Thus, Taanis Esther wasn’t just a historical remembrance of the decree. It was to remember the avodah we had then, when there was a decree. If Purim was just about the remembering the past, it would suffice to only remember the 14th and 15th of Purim. The fact that we remember also the 13th of Adar shows us that there is more to Purim than just remembering the time we were saved: it is because we are supposed to also remember what came before our salvation, when there was a decree hanging upon us, and we had to fast, pray and do teshuvah.

When The Generation Is Not Worthy: The End of Days

In the recent generations, as we get further and further away from “a generation that is deserving” of redemption, we are instead closer and closer to being undeserving. As we get further into the End of Days, we are further from purity, and we are becoming less and less deserving of the redemption. We are instead heading into the other alternative – that since we are undeserving, the only way we will be redeemed is through getting “a king as harsh as Haman”, which will make us all do teshuvah.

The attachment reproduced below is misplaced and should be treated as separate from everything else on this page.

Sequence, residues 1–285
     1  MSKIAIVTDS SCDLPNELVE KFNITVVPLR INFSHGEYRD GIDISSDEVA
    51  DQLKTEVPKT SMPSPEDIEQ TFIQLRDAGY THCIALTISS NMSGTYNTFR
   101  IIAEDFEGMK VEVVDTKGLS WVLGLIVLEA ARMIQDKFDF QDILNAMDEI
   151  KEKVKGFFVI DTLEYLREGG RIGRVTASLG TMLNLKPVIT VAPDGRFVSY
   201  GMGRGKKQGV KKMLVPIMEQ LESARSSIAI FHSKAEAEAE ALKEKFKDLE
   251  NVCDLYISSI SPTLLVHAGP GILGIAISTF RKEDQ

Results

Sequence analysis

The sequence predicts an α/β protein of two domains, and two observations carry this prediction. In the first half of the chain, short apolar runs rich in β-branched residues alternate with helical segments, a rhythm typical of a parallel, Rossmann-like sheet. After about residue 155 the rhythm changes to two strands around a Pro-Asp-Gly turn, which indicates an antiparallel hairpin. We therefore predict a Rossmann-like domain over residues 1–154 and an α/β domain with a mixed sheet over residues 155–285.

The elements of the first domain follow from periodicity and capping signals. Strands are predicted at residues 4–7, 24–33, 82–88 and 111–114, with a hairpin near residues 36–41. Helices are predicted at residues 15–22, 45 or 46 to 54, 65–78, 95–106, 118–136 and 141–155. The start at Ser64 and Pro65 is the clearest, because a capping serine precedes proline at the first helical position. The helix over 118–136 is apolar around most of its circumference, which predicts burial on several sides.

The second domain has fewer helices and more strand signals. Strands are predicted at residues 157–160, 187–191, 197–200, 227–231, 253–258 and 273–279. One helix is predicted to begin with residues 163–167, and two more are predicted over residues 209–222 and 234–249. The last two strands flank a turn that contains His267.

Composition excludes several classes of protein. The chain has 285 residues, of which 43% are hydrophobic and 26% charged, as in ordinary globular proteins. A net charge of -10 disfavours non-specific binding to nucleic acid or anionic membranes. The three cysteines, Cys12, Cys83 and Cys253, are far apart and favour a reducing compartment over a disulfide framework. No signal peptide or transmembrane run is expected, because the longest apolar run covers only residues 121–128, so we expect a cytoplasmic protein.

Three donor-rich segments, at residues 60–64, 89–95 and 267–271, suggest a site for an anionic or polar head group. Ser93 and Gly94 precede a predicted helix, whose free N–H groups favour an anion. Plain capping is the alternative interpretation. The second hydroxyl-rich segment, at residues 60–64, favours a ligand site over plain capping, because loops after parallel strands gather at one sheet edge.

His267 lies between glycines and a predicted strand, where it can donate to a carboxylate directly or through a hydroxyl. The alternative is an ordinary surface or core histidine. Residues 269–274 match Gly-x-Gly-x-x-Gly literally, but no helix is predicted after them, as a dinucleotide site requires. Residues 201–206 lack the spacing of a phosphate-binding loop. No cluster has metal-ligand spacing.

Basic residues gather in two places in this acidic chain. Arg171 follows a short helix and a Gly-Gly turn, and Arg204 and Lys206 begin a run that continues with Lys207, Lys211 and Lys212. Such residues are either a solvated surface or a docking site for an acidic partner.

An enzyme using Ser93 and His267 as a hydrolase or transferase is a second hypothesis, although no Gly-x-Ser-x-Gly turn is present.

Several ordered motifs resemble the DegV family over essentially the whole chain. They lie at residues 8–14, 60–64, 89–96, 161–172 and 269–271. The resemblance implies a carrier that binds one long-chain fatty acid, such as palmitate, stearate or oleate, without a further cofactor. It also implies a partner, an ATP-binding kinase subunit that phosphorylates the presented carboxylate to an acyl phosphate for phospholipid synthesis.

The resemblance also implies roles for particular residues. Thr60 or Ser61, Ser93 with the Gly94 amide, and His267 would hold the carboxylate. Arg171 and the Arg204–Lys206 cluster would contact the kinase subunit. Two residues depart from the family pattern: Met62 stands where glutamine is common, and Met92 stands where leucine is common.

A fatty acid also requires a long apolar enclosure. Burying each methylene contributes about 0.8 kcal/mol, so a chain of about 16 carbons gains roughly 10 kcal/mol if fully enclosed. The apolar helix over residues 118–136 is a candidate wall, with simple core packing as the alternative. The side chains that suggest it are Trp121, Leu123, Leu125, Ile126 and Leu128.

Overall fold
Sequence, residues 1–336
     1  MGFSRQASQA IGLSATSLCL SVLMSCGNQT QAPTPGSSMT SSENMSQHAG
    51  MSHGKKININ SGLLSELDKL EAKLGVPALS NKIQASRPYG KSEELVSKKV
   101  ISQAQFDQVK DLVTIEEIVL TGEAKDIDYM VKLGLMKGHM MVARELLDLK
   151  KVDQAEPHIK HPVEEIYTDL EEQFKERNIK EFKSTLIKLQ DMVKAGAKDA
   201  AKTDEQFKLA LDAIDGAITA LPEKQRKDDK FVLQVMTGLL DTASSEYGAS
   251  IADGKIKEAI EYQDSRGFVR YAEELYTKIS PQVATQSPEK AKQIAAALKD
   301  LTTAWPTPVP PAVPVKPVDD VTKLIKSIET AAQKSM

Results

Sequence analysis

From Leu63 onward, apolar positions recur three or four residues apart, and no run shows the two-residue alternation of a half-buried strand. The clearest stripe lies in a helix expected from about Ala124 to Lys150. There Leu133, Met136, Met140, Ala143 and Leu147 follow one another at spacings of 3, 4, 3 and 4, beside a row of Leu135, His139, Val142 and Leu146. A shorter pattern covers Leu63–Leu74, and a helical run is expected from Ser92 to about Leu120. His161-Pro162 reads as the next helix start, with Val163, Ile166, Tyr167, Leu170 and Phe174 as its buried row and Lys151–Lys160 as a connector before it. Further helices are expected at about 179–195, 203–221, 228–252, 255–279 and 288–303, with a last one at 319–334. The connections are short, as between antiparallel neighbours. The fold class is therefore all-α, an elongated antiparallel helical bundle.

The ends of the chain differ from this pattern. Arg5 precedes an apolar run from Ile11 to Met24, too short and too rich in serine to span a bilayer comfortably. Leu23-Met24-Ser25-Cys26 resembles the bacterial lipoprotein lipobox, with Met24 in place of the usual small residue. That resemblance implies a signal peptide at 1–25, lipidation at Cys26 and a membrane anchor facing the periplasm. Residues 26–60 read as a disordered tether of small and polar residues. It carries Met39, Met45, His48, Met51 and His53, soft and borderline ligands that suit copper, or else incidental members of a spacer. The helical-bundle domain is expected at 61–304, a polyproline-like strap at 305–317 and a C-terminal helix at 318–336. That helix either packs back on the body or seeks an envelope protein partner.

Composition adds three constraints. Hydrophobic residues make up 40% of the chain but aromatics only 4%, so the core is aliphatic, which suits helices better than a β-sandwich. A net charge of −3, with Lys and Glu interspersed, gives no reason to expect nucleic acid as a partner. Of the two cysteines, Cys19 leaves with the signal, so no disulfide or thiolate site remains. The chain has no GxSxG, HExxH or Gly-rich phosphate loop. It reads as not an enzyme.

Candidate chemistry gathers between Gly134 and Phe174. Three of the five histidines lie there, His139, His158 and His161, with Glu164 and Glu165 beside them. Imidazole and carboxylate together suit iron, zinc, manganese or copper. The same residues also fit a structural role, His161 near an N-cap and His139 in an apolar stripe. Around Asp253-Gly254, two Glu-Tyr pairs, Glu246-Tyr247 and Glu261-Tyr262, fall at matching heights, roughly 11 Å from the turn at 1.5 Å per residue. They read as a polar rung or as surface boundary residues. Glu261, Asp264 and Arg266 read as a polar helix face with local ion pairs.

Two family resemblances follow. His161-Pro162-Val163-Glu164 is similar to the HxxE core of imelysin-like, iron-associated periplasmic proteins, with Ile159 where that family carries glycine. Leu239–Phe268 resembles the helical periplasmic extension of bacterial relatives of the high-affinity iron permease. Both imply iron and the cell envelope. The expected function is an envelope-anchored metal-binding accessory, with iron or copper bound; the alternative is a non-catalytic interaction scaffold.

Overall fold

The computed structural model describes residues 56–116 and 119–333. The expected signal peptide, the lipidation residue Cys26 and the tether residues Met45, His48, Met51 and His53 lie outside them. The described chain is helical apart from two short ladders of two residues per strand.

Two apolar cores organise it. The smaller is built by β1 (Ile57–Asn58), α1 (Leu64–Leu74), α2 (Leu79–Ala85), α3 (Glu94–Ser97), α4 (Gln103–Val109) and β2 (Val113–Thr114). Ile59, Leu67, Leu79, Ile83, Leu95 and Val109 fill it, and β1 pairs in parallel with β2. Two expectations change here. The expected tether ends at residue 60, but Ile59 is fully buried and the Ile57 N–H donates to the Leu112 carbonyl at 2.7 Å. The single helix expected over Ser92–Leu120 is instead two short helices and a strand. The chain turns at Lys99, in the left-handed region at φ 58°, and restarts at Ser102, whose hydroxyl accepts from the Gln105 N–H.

Thus, Purim begins from our fasting on Taanis Esther, when we did teshuvah to nullify the decree. Before Purim, we have an avodah of Taanis Esther: to feel the decree in the air – that it is still around.

This doesn’t mean, of course, that the decree will happen. But what it means for us is that the decree should be in front of one’s eyes and move us to teshuvah, just as it did then.

In the times we live in, one must realize that he is in a situation of a ‘generation that is entirely undeserving’ of the redemption. This has been true already for many years, but now it is even more relevant than ever.

Even If A Tzaddik Cannot Be Saved In An Unworthy Generation